These simulations are examples of how global land-use changed from 1700 to 1990. The human-disturbed landscape includes intensive cropland (red), and marginal cropland used for grazing (pink). Other landscape includes, for example, tropical evergreen and deciduous forest (dark green), savanna (light green), grassland and steppe (yellow), open shrubland (maroon), temperate deciduous forest (blue), temperate needleleaf evergreen forest (light yellow), and hot desert (orange). Of particular importance in this paper is the expansion of the cropland and grazed land between 1700 and 1900. Credit: from Klein Goldewijk, K., 2001: Estimating global land use change over the past 300 years: The HYDE Database. Global Biogeochemical Cycles, 15, 417-433
Global Land Use in 1990
Credit: from Klein Goldewijk, K., 2001: Estimating global land use change over the past 300 years: The HYDE Database. Global Biogeochemical Cycles, 15, 417-433
While many scientists and policy makers have focused only on how heat-trapping gases like carbon dioxide are altering our global climate, a new NASA-funded study points to the importance of also including human-caused land-use changes as a major factor contributing to climate change.
Land surface changes, like urban sprawl, deforestation and reforestation, and agricultural and irrigation practices strongly affect regional surface temperatures, precipitation and larger-scale atmospheric circulation. The study argues that human-caused land surface changes in places like North America, Europe, and southeast Asia, redistribute heat regionally and globally within the atmosphere and may actually have a greater impact on climate than that due to anthropogenic greenhouse gases combined.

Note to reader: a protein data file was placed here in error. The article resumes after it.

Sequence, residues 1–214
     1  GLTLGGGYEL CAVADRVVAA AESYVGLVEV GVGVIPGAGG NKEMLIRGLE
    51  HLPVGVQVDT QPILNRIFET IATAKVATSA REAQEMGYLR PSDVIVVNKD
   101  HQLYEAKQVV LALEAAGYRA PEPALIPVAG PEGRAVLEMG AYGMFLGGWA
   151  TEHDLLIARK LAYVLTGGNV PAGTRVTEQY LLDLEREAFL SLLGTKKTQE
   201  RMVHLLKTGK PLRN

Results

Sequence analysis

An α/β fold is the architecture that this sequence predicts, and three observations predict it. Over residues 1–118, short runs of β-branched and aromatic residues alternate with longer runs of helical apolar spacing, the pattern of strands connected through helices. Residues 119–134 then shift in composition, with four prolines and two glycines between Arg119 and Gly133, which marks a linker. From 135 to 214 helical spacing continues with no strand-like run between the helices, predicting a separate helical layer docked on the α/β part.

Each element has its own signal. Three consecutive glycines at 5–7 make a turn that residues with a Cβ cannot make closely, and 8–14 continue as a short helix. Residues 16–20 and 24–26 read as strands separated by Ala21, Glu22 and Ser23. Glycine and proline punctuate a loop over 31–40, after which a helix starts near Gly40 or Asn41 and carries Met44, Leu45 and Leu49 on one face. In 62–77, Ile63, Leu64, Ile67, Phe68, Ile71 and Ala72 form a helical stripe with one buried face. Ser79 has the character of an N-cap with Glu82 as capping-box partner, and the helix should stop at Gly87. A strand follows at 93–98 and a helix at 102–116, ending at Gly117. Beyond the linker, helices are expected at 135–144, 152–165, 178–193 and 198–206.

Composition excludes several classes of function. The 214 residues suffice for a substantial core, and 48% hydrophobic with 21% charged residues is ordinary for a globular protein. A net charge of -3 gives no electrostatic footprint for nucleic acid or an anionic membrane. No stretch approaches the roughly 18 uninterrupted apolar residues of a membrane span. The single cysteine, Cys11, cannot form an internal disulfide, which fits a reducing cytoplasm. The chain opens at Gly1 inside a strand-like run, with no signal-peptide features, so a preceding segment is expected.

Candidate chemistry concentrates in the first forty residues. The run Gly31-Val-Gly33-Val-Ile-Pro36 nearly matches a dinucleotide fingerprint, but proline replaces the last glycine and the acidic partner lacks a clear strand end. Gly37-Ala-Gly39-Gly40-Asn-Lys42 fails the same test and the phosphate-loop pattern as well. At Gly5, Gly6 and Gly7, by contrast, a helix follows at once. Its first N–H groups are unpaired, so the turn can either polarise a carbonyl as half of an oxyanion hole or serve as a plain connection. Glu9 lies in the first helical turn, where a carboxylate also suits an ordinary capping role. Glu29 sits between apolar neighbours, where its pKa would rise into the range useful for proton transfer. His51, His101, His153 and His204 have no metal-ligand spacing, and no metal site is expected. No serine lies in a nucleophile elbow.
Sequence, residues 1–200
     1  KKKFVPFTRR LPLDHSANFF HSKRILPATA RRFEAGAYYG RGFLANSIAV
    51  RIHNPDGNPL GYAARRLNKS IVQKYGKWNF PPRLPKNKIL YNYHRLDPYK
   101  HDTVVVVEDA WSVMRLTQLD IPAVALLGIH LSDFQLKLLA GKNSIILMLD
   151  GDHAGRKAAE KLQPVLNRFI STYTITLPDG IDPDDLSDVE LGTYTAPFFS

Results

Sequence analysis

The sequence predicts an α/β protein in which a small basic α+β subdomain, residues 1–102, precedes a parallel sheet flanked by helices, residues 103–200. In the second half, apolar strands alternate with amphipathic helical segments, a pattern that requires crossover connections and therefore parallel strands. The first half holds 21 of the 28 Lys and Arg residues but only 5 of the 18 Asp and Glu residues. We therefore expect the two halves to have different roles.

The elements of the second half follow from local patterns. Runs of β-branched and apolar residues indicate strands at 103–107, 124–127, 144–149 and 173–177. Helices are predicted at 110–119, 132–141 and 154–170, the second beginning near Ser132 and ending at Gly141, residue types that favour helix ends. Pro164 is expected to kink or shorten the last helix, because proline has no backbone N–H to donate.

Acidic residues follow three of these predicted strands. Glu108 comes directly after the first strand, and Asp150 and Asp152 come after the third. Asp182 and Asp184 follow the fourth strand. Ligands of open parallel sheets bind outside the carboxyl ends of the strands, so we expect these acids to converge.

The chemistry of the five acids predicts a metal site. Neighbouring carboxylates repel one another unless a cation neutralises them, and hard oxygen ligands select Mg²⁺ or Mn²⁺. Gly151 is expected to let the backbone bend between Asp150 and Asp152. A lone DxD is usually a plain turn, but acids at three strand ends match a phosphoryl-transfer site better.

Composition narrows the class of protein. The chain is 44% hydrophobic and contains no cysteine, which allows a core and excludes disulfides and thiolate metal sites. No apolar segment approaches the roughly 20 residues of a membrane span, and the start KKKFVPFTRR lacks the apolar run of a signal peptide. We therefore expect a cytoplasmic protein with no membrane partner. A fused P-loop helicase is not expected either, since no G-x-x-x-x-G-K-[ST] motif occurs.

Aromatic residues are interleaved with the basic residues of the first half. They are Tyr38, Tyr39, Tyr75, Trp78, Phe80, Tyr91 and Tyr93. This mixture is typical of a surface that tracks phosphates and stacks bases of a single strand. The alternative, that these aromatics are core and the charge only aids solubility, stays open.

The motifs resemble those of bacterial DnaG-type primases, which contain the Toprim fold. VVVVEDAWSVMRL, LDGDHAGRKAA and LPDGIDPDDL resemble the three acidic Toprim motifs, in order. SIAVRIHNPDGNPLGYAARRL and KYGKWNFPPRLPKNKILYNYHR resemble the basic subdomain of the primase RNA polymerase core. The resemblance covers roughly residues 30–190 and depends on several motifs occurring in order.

The study also proposes a new method for comparing different human-influenced agents of climate change in terms of the redistribution of heat over land and in the atmosphere. Using a single unit of measurement may open the door to future work that more accurately represents human-caused climate change.
Krishna Ramanujan | EurekAlert!
Rain is important for how carbon dioxide affects grasslands
06.03.2019 | University of Gothenburg
Northeast-Atlantic fish stocks: Recovery driven by improved management
04.02.2019 | Johann Heinrich von Thünen-Institut, Bundesforschungsinstitut für Ländliche Räume, Wald und Fischerei
New research group at the University of Jena combines theory and experiment to demonstrate for the first time certain physical processes in a quantum vacuum
For most people, a vacuum is an empty space. Quantum physics, on the other hand, assumes that even in this lowest-energy state, particles and antiparticles...
Physicists in the EPic Lab at University of Sussex make crucial development in global race to develop a portable atomic clock
Scientists in the Emergent Photonics Lab (EPic Lab) at the University of Sussex have made a breakthrough to a crucial element of an atomic clock - devices...
Every year earthquakes worldwide claim hundreds or even thousands of lives. Forewarning allows people to head for safety and a matter of seconds could spell...
Scientists of the Department of Physics at the University of Hamburg, Germany, detected the magnetic states of atoms on a surface using only heat. The...
Combining an atomically thin graphene and a boron nitride layer at a slightly rotated angle changes their electrical properties. Physicists at the University of Basel have now shown for the first time the combination with a third layer can result in new material properties also in a three-layer sandwich of carbon and boron nitride. This significantly increases the number of potential synthetic materials, report the researchers in the scientific journal Nano Letters.
Last year, researchers in the US caused a big stir when they showed that rotating two stacked graphene layers by a “magical” angle of 1.1 degrees turns...
11.03.2019 | Event News
01.03.2019 | Event News
28.02.2019 | Event News
18.03.2019 | Power and Electrical Engineering
18.03.2019 | Materials Sciences
18.03.2019 | Physics and Astronomy